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US Prices Decline, Consumer Sentiment Rises


New U.S. economic reports show prices declining, consumer confidence rising, and the battered factory sector shrinking more slowly.

Friday's Labor Department report said the cost of living in the United States dropped by the largest amount in half a century in the 12-month period ending in April.

While consumers welcomed these price declines, a long-term, self-reinforcing fall in prices called "deflation" could further slow the economy by giving consumers an incentive to delay purchases. While some experts worry about deflation, many think action by the U.S. central bank is likely to prevent the problem.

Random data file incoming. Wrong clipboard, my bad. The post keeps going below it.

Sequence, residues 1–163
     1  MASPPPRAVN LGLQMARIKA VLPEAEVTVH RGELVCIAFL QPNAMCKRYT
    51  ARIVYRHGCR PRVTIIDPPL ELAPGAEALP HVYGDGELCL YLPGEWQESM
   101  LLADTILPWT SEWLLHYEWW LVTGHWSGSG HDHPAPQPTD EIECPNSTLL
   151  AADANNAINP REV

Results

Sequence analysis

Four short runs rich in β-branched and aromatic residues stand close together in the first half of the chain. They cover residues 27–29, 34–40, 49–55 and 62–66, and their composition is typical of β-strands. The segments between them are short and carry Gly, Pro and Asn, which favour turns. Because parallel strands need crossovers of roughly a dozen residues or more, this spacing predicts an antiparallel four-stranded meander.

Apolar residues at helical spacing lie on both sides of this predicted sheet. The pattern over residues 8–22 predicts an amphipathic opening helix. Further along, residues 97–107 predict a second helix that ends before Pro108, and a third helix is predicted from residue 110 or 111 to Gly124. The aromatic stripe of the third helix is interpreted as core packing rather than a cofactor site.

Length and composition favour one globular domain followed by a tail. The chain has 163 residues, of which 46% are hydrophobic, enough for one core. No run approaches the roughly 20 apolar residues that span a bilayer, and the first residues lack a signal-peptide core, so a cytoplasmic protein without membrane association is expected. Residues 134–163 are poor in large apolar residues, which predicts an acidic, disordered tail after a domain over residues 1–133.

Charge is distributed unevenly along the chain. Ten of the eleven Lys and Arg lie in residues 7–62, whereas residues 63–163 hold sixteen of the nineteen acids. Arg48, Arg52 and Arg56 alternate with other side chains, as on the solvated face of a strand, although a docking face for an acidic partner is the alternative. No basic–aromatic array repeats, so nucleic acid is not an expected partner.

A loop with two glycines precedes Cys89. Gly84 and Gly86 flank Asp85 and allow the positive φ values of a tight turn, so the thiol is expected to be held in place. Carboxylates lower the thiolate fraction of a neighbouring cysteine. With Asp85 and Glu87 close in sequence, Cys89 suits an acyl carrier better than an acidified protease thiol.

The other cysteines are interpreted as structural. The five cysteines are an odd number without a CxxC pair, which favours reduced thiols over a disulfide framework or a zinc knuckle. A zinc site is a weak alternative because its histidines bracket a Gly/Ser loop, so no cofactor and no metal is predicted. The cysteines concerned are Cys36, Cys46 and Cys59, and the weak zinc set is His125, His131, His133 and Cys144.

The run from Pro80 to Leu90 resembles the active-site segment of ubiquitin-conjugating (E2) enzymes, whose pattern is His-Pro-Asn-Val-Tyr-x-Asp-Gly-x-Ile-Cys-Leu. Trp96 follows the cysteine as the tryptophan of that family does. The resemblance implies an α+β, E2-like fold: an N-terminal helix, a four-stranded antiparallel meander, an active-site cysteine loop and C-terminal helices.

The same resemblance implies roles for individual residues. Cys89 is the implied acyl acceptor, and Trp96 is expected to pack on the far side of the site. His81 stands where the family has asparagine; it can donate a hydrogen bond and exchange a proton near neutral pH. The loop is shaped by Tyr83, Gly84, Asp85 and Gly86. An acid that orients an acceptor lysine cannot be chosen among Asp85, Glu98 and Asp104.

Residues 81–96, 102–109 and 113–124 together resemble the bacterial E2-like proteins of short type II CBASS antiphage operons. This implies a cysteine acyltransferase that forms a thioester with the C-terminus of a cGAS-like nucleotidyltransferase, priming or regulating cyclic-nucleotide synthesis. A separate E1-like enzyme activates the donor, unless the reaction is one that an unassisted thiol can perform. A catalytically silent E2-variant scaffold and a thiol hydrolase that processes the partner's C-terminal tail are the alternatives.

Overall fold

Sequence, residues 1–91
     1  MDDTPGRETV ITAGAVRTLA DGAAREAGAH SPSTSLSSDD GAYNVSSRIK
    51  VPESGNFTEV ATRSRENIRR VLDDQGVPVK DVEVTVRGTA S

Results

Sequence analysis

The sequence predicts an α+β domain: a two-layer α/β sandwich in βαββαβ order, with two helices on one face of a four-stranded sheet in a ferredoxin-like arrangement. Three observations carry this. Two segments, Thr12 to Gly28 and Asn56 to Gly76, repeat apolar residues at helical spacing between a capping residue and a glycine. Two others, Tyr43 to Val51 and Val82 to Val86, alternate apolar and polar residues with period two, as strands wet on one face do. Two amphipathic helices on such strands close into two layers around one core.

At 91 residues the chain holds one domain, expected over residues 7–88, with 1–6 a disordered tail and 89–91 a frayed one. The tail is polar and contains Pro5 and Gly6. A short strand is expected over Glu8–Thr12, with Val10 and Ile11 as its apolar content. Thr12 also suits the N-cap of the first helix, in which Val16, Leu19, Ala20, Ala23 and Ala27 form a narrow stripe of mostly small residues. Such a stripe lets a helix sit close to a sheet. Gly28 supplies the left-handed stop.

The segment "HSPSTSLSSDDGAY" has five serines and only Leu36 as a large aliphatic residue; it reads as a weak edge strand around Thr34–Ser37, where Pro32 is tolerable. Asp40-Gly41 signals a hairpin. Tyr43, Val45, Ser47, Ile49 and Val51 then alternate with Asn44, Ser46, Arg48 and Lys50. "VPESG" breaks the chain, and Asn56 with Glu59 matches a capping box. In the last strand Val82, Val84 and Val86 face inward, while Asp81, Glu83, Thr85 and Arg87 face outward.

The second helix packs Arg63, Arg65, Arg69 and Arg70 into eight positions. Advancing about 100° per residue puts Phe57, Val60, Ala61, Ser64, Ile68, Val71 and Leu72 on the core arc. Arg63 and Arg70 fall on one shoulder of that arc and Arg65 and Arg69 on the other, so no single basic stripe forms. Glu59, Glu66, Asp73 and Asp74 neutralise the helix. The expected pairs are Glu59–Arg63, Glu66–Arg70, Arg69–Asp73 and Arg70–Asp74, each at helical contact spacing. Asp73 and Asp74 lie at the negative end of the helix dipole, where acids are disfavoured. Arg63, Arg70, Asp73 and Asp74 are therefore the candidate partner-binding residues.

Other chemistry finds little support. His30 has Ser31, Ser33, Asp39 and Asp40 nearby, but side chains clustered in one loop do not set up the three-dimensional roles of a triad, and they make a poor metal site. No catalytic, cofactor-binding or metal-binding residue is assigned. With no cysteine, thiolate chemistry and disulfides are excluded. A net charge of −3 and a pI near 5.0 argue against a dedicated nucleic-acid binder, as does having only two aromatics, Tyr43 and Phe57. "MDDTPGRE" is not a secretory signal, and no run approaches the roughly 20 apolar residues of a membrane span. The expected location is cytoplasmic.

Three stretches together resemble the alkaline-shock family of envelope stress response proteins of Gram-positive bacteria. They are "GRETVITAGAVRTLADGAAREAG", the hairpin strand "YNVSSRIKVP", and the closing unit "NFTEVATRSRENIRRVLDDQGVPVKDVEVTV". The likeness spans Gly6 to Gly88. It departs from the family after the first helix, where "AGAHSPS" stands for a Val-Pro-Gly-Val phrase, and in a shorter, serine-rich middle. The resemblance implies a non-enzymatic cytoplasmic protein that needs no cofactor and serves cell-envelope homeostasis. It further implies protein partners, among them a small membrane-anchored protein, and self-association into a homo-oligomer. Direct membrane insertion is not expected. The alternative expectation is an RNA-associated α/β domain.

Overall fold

A report by the University of Michigan on how U.S. consumer view the economy shows them growing less pessimistic. Their gauge of consumer sentiment rose 2.8 percentage points to a reading of 67.9. Experts track consumer confidence for clues about consumer demand, which drives two-thirds of U.S. economic activity.

Two reports on manufacturing show the battered factory sector still shrinking, but at a slower pace than the previous month.

Some information for this report was provided by Bloomberg, AP and Reuters.

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